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One thing that was clear from the start was that there was no scope of use of earthmoving equipment or massive construction materials without destroying the forests. So, the materials had to be such that they could be easily carried by two people. Each truss was constructed using southern pine of sizes like 2’x4’, 2’x6’, 2’x12’, which could easily be lifted by two men across the woods. “It became a building of many small pieces . . . linked together into modular, angular structural elements that formed a larger cage-like structure infilled with clear glass,” quoted E. Fay Jones in Robert Adams Ivy, Jr., The Architecture of E Fay Jones, FAIA.

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Site Plan (Source:

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“This stabilizing web of braces, under a ridge skylight, receives a constantly changing play of light and pattern-a natural ornamentation of the structure and space,” said E. Fay Jones.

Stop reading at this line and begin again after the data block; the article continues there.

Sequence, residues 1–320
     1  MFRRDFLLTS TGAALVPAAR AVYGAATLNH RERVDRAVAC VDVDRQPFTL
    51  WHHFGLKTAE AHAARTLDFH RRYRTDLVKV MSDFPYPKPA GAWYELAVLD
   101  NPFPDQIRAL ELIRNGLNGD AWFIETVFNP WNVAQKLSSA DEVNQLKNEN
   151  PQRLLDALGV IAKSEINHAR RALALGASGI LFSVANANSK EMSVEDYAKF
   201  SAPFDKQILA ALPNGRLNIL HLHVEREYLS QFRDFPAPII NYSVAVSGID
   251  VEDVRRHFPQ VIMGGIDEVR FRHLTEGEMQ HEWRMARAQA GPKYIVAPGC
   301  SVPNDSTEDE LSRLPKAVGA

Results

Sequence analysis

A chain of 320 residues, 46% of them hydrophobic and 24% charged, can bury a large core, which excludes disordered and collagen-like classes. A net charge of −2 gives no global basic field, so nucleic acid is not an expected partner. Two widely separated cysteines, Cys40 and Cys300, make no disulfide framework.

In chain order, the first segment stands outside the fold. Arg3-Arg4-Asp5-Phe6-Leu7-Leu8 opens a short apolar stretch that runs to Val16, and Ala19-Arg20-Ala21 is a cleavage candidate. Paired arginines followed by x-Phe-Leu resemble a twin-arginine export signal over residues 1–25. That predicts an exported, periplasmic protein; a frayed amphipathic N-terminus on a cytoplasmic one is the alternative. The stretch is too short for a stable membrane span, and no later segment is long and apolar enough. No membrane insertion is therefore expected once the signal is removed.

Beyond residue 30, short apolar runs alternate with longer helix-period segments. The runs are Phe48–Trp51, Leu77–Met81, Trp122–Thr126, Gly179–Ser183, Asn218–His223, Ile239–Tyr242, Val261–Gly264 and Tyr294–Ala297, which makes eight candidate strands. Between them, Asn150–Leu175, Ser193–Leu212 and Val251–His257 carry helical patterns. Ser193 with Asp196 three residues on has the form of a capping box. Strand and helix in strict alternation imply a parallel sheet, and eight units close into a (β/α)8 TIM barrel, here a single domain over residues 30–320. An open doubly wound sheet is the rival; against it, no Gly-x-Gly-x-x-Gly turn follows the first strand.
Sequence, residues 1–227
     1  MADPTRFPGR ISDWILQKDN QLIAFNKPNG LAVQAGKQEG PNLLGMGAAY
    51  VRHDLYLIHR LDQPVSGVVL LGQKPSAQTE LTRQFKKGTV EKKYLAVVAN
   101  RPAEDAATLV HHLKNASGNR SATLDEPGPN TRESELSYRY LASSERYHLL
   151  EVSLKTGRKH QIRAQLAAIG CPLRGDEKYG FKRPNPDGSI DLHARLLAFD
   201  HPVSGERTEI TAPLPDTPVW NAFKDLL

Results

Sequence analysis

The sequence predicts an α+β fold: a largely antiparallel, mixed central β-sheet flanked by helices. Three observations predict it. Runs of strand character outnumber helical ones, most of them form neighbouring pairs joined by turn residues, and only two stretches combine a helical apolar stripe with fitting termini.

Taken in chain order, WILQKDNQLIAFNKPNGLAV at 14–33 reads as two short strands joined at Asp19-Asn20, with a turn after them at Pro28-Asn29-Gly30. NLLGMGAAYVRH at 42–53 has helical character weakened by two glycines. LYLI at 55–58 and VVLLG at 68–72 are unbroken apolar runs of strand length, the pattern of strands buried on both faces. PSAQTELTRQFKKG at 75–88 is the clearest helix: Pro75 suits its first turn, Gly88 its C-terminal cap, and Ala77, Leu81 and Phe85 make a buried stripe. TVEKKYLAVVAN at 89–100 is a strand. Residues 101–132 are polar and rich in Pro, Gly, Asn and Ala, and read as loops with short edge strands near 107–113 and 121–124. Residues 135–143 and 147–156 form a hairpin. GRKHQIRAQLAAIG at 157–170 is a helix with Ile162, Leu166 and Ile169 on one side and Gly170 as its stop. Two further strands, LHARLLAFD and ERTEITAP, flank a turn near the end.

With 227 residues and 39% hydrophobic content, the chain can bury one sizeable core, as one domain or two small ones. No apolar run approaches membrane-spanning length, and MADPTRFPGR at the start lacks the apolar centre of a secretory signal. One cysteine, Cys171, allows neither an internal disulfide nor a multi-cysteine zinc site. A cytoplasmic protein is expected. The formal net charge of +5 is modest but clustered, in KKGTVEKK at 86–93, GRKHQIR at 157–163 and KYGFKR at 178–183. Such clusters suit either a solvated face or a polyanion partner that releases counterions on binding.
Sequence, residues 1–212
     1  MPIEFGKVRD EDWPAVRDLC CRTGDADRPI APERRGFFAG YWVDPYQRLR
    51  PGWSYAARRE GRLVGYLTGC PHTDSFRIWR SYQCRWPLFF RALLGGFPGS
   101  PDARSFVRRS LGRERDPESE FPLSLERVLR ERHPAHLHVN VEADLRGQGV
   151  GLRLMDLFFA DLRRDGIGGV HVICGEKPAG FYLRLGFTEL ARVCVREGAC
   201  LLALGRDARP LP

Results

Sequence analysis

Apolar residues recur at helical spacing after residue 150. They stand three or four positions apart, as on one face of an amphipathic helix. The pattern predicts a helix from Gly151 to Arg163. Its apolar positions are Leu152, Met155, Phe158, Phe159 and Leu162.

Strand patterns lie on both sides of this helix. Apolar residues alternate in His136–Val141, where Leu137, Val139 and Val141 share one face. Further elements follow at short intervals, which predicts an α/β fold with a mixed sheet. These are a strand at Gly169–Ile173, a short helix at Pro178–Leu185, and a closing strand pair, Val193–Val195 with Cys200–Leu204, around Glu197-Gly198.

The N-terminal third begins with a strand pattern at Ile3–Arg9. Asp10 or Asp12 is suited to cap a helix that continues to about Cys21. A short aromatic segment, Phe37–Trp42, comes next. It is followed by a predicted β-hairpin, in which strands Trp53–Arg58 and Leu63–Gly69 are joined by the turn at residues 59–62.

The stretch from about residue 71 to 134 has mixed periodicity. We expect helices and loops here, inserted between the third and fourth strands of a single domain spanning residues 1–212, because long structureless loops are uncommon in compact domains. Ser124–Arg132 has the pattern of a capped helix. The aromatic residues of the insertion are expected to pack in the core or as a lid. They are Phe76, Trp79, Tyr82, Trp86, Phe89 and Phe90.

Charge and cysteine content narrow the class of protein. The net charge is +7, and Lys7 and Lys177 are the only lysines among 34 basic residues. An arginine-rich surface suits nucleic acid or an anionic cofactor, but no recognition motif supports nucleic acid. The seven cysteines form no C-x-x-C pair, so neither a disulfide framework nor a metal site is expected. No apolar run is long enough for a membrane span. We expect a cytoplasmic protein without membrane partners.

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A long section (Source:

The most interesting detail in the church is the illusionary infinity effect of light created by the diamond-shaped steel connectors that join the wooden braces at the center of the chapel. E Fay Jones purposely did a few projects so he could give personal attention to each one. And in his projects, he ensured that he designed and customized all pieces of furniture and accessories, so there is part to whole relationship and vice versa. “I wanted there to be a family of forms or patterns, a strong generating idea that everything relates to, rather than having just an assembly of things,” Jones told an interviewer. He also wanted to “keep the detailing very, very simple, integral to the design . . . [N]othing has been stuck on just for decoration.”

Another very important structural aspect of this chapel was the concept of the operative opposite. Although a resemblance to Gothic cathedrals, the basic rule of Gothic Construction which is the use of repeated external flying buttresses to hold the structure upward and inward was reversed in this chapel. He went on to explain, “Thorncrown has this repetition of structural elements, but stability is achieved by wooden tensile members pulling from within.” Tension rather than compression: the operative opposite.

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View of the Chapel from the entrance (Source: